Article is a call to arms to defend the NHSBMJ 2013; 347 doi: https://doi.org/10.1136/bmj.f4860 (Published 06 August 2013) Cite this as: BMJ 2013;347:f4860
- John Puntis, paediatrician1
On the 65th anniversary of the NHS, Farrell wittily exposes the pernicious new ideology of “private does it better” at the heart of the health service “reforms” and the inevitable deterioration in services for those who cannot afford to pay upfront for treatment.1 The Health and Social Care Act is ushering in a system that will cost more, be less efficient, and deliver less care. We are returning to a mixed health economy of the sort abandoned by common consent in 1948, putting the clock back in the name of “progress” such that (as John Lister has remarked) the coalition government can now claim credit for reinventing the flat tyre. The NHS was not perfect, but to destroy it by seeking to emulate the American model is unacceptable to all but the few who stand to make unhealthy profits.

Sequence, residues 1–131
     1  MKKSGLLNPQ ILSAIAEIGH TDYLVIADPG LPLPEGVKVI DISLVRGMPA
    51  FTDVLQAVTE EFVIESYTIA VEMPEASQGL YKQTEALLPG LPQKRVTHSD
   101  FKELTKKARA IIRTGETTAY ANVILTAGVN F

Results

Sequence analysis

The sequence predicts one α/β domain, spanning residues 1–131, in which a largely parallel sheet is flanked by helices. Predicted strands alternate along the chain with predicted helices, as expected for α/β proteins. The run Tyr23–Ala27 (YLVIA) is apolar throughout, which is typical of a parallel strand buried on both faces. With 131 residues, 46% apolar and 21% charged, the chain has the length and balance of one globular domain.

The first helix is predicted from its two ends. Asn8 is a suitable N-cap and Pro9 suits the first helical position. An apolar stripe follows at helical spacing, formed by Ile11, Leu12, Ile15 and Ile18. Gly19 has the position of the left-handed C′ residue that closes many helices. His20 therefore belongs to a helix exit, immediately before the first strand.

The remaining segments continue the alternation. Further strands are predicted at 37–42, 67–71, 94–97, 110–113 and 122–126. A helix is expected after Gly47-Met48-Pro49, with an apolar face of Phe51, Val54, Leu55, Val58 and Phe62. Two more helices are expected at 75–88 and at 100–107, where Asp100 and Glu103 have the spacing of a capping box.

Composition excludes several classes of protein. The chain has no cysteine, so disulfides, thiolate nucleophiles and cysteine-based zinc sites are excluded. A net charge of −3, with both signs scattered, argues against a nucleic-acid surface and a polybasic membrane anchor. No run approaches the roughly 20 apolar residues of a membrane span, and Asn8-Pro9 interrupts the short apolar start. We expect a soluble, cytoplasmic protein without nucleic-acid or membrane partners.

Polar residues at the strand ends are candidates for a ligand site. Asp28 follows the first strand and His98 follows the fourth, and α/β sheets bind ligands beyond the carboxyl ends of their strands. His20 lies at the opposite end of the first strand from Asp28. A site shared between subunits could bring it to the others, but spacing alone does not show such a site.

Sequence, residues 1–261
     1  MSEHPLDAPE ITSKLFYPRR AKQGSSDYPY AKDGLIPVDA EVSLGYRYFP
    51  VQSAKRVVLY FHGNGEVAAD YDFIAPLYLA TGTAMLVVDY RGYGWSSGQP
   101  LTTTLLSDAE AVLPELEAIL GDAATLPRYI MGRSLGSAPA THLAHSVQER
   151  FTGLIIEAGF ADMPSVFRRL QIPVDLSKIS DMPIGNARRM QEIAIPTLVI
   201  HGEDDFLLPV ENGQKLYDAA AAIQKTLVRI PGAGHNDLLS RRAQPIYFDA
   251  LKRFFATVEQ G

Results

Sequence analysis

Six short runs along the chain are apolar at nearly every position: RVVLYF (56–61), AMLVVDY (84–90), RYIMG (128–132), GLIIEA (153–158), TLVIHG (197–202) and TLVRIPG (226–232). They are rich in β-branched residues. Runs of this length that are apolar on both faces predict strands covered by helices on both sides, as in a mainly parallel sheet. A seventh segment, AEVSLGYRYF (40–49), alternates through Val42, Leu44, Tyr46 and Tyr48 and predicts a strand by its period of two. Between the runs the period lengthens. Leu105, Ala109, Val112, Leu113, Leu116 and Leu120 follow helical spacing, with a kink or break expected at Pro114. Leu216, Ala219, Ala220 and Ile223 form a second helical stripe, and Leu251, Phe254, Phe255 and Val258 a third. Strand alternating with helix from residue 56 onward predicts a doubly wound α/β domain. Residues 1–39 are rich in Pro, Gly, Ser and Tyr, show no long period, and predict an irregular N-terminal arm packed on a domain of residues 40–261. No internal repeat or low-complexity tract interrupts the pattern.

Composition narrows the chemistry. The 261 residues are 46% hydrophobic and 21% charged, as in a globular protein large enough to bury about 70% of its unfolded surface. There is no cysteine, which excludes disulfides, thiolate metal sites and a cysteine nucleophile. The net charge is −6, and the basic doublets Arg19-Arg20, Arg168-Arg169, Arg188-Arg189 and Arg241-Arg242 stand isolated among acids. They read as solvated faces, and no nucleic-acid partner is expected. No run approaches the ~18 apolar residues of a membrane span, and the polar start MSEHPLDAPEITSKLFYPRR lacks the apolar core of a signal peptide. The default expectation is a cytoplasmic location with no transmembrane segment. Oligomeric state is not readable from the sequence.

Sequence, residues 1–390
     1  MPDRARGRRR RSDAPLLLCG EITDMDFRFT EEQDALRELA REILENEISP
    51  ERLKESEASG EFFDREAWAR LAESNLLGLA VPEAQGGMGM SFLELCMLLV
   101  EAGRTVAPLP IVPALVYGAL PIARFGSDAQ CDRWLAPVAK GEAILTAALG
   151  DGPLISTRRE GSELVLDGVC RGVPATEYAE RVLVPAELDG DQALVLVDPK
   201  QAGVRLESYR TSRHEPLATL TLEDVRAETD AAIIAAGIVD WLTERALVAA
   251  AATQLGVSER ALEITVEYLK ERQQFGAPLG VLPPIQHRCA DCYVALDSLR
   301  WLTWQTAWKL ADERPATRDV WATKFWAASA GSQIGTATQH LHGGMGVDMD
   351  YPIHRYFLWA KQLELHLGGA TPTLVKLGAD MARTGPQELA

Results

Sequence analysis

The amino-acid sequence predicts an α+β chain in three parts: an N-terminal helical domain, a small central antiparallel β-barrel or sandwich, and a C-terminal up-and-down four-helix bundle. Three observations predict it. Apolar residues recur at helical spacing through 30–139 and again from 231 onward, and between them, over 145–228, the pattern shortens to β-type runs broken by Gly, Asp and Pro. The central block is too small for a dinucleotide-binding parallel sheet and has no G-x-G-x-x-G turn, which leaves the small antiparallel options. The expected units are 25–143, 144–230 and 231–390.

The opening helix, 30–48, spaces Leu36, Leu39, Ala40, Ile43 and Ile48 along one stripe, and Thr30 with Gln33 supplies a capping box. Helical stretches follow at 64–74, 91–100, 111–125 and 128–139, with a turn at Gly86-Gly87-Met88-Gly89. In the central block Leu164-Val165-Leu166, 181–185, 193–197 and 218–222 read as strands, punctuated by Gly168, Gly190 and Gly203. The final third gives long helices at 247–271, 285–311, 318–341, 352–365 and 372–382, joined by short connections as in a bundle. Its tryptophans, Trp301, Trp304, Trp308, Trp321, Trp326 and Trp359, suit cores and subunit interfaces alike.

The battle for the NHS is not yet lost; all who think it is worth defending must strive for the next government to repeal the act, something that is possible without another expensive reorganisation. Reinstatement of the duties of the secretary of state for health and of the NHS as the preferred service provider would do much to neutralise the destructive capacity of “Lansley’s monster.” As Harry Keen, that great champion of socialised medicine observed, “The government intends to hold the NHS under water until the bubbles stop rising. But the bubbles will never stop rising.” Let Farrell’s reflections be a call to arms.
Cite this as: BMJ 2013;347:f4860
Competing interests: None declared.
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